Viscosupplementation for the Treatment of Knee Arthritis

Viscosupplementation is becoming a popular treatment for knee arthritis.  As rehabilitation and fitness specialists, it is important to have a clear understanding of what viscosupplementation is and what it means for our patients and clients that may be dealing with knee osteoarthritis.  There are many options, benefits, and even side effects that we should be aware of.

An Overview of Viscosupplementation for the Treatment of Knee Arthritis

Viscosupplementation is an intra-articular injection of hyaluronic acid into the knee joint by an physician.  Hyaluronic acid (also known as hyaluron and hyaluronate) is a natural substance normally found in the synovial fluid of our joints. Its function is to act as a joint lubricant and shock absorber. It has been found that patients with knee arthritis have less hyaluronic acid in their joint.(1)

The theory behind the injections is that by injecting hyaluronic acid into the knee joint, the knee will have the necessary amount of hyaluronic acid and will also help the body stimulate production of more hyaluronic acid in the joint.  This will improve patient symptoms of pain and allow for better functional mobility.

Here is an image from Genzyme, the makers of Synvisc, describing the benefit of viscosupplementation:


Viscosupplementation injections were first approved as a treatment for knee arthritis by the FDA in 1997.  The important point to remember is these injections are a treatment, not a drug or a cure for arthritis.  Hyaluronic acid injections, derived mostly from rooster combs, can provide several months of pain relief, and are given typically in a series of 3-5 injections. However, they do NOT provide any immediate effect on pain.  Success is greater for patients with mild to moderate osteoarthritis. Viscosupplement  injections can be repeated every 6 months if necessary.

Viscosupplementation Options

Currently, there are five approved viscosupplements known as the brand names Hyalgan, Synvisc, Orthovisc, Euflexxa, and Supartz.  Each vary slightly:

  • Hyalgan: First FDA approved viscosupplement; manufactured by Sanofi-Aventis; series of 3-5 injections at once per week; up to 6-7 months relief
  • Synvisc: Manufactured by Genzyme; 3 injections a week apart; 6 month relief; now with SynviscOne, a single injection for 6 month relief
  • Orthovisc: Manufactured by DePuy; Only viscosupplement not from an avian source; 4 injections with 6 month relief
  • Euflexxa: Manufactured by Ferring Pharmaceuticals; 3 injections, 6 month relief
  • Supartz: Manufactured by Smith & Nephew; 5 injections; Only viscosupplement approved to state it provides up to 12 months relief; also 3 injection series, providing 6 months relief (2)

Side Effects of Viscosupplementation

There are few side effects to these injections. Most often, there can be a local injection site reaction of redness and pain. A “hot knee” or a pseudo sepsis can also occur up to 72 hours after injection. NSAIDS, steroids, and/or arthrocentesis may be used to treat this. On a rare occasion, allergic reactions may occur. In general, this is a very safe treatment for knee arthritis.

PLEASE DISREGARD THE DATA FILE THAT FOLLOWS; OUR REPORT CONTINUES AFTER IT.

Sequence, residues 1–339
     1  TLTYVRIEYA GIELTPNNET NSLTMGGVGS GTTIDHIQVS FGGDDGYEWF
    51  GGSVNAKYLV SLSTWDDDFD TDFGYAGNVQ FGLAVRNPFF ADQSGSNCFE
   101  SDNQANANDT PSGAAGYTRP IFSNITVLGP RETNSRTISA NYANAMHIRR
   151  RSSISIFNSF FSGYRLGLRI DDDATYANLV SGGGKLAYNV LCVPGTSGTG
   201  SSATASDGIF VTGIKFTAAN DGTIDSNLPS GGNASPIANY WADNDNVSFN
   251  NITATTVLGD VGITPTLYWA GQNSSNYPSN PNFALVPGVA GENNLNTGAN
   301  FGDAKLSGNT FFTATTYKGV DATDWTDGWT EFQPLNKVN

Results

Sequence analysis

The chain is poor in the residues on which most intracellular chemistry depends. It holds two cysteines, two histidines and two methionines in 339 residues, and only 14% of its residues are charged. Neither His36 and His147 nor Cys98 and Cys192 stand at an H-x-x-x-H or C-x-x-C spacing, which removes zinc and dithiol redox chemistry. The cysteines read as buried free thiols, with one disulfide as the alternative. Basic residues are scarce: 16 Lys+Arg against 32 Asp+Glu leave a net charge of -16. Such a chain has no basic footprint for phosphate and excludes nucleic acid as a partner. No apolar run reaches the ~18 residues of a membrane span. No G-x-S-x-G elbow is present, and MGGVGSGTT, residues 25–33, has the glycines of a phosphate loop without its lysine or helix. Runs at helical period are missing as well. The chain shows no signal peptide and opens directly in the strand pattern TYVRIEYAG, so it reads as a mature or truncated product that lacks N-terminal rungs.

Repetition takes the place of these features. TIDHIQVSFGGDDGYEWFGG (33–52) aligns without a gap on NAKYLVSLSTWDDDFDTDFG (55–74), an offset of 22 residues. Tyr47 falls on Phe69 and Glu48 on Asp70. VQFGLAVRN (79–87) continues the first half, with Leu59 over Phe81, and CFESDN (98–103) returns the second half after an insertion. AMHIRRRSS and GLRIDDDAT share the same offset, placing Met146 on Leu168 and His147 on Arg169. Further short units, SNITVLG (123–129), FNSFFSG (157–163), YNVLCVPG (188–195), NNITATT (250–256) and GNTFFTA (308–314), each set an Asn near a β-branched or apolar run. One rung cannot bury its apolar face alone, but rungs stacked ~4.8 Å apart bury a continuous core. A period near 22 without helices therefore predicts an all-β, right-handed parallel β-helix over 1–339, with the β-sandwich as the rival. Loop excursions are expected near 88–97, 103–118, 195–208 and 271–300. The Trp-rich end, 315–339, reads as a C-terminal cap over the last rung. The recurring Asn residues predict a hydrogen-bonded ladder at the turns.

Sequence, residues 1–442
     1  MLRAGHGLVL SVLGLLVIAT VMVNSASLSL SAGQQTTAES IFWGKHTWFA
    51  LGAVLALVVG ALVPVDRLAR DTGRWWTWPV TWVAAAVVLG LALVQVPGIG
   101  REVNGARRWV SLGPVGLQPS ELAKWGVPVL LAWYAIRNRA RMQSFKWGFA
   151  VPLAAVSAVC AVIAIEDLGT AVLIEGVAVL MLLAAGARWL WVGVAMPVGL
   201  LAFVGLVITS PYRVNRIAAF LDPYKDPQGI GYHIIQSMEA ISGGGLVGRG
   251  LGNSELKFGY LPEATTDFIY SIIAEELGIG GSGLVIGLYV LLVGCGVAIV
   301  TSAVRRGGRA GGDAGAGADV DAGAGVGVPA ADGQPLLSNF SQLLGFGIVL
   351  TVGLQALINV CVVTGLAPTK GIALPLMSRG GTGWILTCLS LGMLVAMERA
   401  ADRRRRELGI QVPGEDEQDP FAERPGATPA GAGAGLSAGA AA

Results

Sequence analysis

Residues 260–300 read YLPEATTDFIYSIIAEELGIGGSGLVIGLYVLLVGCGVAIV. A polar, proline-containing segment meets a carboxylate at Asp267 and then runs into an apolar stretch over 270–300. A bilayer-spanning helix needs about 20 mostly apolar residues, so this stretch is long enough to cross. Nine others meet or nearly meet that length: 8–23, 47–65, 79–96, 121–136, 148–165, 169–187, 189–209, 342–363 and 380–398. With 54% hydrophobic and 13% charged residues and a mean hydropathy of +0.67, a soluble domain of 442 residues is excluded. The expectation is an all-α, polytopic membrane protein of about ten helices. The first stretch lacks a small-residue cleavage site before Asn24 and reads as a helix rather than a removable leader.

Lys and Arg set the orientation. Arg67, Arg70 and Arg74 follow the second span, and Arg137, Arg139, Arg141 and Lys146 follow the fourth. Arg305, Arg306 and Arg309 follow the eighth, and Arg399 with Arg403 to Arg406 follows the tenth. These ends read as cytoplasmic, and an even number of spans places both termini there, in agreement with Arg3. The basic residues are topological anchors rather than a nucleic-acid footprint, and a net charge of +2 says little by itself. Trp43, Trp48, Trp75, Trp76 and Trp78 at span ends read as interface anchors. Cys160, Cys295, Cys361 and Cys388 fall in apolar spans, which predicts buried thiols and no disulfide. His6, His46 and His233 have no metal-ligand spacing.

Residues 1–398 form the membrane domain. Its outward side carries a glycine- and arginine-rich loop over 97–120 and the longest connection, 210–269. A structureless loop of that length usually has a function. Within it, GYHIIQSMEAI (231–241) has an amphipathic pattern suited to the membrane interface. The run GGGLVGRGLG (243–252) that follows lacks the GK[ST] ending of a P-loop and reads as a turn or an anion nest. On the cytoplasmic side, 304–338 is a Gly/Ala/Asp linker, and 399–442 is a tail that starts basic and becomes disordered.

Benefits of Viscosupplementation

A study done by Bannuru et al (3) published in 2009, compared hyaluronic acid injections to cortisone injections for treatment of painful knee OA. They found that after two weeks, the cortisone group had significantly less pain. At four weeks, both groups pain levels were the same. Finally at eight weeks, the hyaluronic acid group was significantly better than the group receiving cortisone.  This is an important point to remember when patients ask about these injections. Viscosupplements can work well, but will NOT have an immediate result.

There are also studies comparing viscosupplements to saline injections (3) that have shown no difference between groups. Therefore, I tell my patients that there is a chance these injections may or may not help, but they are safe and may prolong the need for surgical intervention.


  1. Felson DT. An update on the pathogenesis and epidemiology of osteoarthritis. Radiol Clin North Am 2004; 42:1-9.
  3. Bannuru et al. Therapeutic trajectory of hyaluronic acid versus corticosteroids in the treatment of knee osteoarthritis: A systematic review and meta-analysis. Arthritis Rheum 2009; Nov 30; 61 (12):1704-1711
  4. Lundsgaard et al. Intra-articular sodium hyaluronate 2 mL versus physiological saline 20 mL versus physiological saline 2 mL for painful knee osteoarthritis: a randomized clinical trial. Scand J Rheumatol. 2008 Mar-Apr;37(2):142-50.

Trevor WinneggeTrevor Winnegge Pt,DPT,MS,OCS,CSCS  has been practicing PT for over 10 years. He graduated from Northeastern University with a bachelors in PT and a master of science degree. He also graduated from Temple University with a Doctor of physical therapy degree. He is a board certified specialist in orthopedics and also a certified strength and conditioning specialist. He is adjunct faculty at Northeastern University, teaching courses in orthopedics and differential diagnosis. He currently practices at Sturdy Orthopedics and Sports Medicine Associates in Attleboro MA, where he uses many of these pearls of wisdom regarding viscosupplementation for the treatment of knee arthritis.

5 replies
  1. Luke
    Luke says:

    Your drug information is incorrect on this page in regards to the source – Euflexxa is the only on that is not Avian sourced on the list you have originally posted here. There are several others now at this time.

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